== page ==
Protest through volunteerism / Protestation par le bénévolat
Saturday June 23 marks a unique protest event in Canada. A Day of Action that gives back to YOUR community.
With over 100 participants offering over 600 hours of service we are showing that Katimavik is a both a force for good in Canada and a force to be dealt with.
We have volunteers working individually in their own communities, volunteers working as a group in the Katimavik way and even have volunteers working around the world in South Dakota, Nepal and Cambodia!
Lets’ take a look at a few of these personal stories:
“Katimavik alumni who returned to her placement in the Canadian Arctic and successfully obtained employment with her katimavik partner. ”
“I am a Katimavik alumni who believes that Katimavik should continue, and am actively pursuing its reinstatment.”
“I am a former Project Leader who has seen what Katimavik does for youth, communities and Canadians.”
“I am a past alumni of Katimavik. I’ve participated in other Canadian volunteer programs and I regularly volunteer in my home community.”
“Mother of two of the youth selected to volunteer with Katimavik to leave in July and not able to go due to the government cutting funds for the program.”
“Passionate Katimavik alumni from 1982 seeks to right this wrong”
“I’m a former Katimavik participant who is now a political studies honours student at the U of M. I am outspoken and firm in my belief that Katimavik is a life changing opportunity, and have begun my own petition and have been in contact with my MP.”
“The 6 months in Katimavik drastically changed my life, my perspective of life, my direction in life, our Katimavik house burned down in Labrador which was an amazing experience, I could talk for days about the things I learned.”
“I am in Burnaby, BC. Katimavik has changed my life it is a glorious yet individual experience so contacting many Katimavikers would be great to fully appreciate the scope of the program.”
“Volunteering in Wakefield QC. I was a Katimavik participant in 84-85. Over nine months I volunteered in three communities with a group of other young Canadians. We raised the original foundations of Fort Frontenac in Kingston Ontario. We helped build the historic cable car park in North West River Labrador. We volunteered in the school library of St. Brieux Saskatchewan. This experience was the foundation of my lifelong participation in Canadian communities and cultural life. On Saturday June 23 I will volunteer my IT skills to build the volunteer coordination website of the Wakefield Public Library.”
“I will be working in Selkirk, Manitoba. I am a past participant from 1985-86 and have been a billet family for the last 10 years. In addition, my son was signed up for the January 2013 departure and had carefully planned that 6 months to be part of his “gap year” after graduating high school in June 2012. Now that the program has been cancelled, he has not found anything else remotely similar that he can participate in during that time, so is very disappointed and at a loss as to what to do. Katimavik had a strong impact on my life as a young participant, and I’ve always been a very vocal supporter of the program. It’s a wonderful experience for young people that cannot be duplicated through any other means, and a great way to provided much appreciated reliable volunteer services to communities and non-profit organizations. I believe it is important to raise awareness of the program, and hope that either this government (or the next!) will reinstate funding for Katimavik. Canada needs Katimavik, and Katimavik needs Canadians to show support and rally together to save the program!”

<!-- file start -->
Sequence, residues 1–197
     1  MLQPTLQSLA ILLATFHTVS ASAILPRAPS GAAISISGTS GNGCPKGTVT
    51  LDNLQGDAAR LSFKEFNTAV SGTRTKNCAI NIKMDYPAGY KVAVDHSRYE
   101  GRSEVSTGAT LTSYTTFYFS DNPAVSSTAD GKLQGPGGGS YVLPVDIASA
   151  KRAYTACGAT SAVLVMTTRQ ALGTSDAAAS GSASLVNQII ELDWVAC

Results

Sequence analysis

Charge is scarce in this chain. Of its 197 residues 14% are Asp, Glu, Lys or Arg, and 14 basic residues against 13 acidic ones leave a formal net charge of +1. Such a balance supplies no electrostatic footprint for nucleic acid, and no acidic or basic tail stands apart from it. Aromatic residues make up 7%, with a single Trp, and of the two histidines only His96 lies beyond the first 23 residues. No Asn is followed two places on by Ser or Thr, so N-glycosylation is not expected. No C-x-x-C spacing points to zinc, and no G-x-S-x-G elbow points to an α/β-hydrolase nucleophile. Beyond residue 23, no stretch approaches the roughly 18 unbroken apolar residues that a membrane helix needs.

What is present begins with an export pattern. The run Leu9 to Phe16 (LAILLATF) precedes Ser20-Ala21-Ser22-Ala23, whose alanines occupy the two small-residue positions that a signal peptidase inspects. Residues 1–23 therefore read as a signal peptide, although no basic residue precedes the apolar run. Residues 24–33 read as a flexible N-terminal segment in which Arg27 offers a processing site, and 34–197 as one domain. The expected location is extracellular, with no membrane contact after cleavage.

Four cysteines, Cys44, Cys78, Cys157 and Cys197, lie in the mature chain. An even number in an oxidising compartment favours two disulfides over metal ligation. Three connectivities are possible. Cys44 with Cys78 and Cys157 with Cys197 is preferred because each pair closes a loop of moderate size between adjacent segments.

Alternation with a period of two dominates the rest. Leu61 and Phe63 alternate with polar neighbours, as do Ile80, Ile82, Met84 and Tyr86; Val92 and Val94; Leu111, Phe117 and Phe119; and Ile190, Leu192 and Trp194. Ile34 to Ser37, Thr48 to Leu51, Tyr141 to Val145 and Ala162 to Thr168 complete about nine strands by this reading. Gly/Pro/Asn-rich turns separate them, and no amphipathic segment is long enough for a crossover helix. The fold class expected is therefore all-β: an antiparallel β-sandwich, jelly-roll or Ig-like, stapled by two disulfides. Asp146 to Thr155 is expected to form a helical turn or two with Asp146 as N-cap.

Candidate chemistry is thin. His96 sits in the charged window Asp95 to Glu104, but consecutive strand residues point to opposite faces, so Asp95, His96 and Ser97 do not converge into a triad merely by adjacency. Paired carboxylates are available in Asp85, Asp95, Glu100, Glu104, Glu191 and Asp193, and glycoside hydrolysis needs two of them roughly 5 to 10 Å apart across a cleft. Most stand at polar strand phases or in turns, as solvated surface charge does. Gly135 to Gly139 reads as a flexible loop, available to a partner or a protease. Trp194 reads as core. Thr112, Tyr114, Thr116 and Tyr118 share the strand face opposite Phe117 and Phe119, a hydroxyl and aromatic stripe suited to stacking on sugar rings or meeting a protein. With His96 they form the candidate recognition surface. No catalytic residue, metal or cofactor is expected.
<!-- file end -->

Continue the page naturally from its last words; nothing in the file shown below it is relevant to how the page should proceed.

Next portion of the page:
“Having done a small amount of travelling myself I really feel that Canadians struggle with their national identity. Too many people (from all over) just see canada as a part of the states. Being a canadian, that is often seen as a negative thing 😉 Theyre like our older brother, we re family, but we still want to be recognized as our own person with our own ideas and opinions. Programs such as Katimavik really represent the holy grail of what it means to be canadian ( from what i understand of the program for i never got the chance to participate). My mom did this program when she was 19 & having heard such great things about it i was really excited to share the experience. I fear for the future of our country with Harper in control. harshly spoken he reminds me of previous president bushs bitch. Ive never been an extremely political person, and fairly spoken id say my awareness is still quite minimal. but the one positive thing that could come out of the cancellation of katimavik is that young people will hopefully strive to be more aware of whats going on in their government, to try and take part because the feeling of how helpless we were made will force people to take action and to lose their apathy.”